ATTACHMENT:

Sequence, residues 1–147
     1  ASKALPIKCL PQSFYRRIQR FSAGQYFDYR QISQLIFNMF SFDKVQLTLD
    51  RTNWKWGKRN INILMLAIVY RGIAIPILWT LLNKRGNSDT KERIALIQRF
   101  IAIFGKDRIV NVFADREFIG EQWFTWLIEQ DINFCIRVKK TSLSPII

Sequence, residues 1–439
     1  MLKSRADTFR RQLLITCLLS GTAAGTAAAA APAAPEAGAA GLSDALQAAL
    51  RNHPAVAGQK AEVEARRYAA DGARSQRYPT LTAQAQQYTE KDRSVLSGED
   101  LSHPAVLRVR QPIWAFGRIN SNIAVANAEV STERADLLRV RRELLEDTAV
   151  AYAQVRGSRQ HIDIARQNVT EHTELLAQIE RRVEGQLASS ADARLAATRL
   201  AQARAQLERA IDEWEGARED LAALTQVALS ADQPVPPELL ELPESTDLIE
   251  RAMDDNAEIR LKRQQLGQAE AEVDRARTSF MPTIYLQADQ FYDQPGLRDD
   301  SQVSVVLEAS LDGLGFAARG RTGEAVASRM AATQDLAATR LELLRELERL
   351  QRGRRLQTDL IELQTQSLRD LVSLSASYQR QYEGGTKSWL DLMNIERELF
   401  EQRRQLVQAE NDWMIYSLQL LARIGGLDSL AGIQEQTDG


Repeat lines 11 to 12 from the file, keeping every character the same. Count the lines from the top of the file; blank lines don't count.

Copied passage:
   251  RAMDDNAEIR LKRQQLGQAE AEVDRARTSF MPTIYLQADQ FYDQPGLRDD
   301  SQVSVVLEAS LDGLGFAARG RTGEAVASRM AATQDLAATR LELLRELERL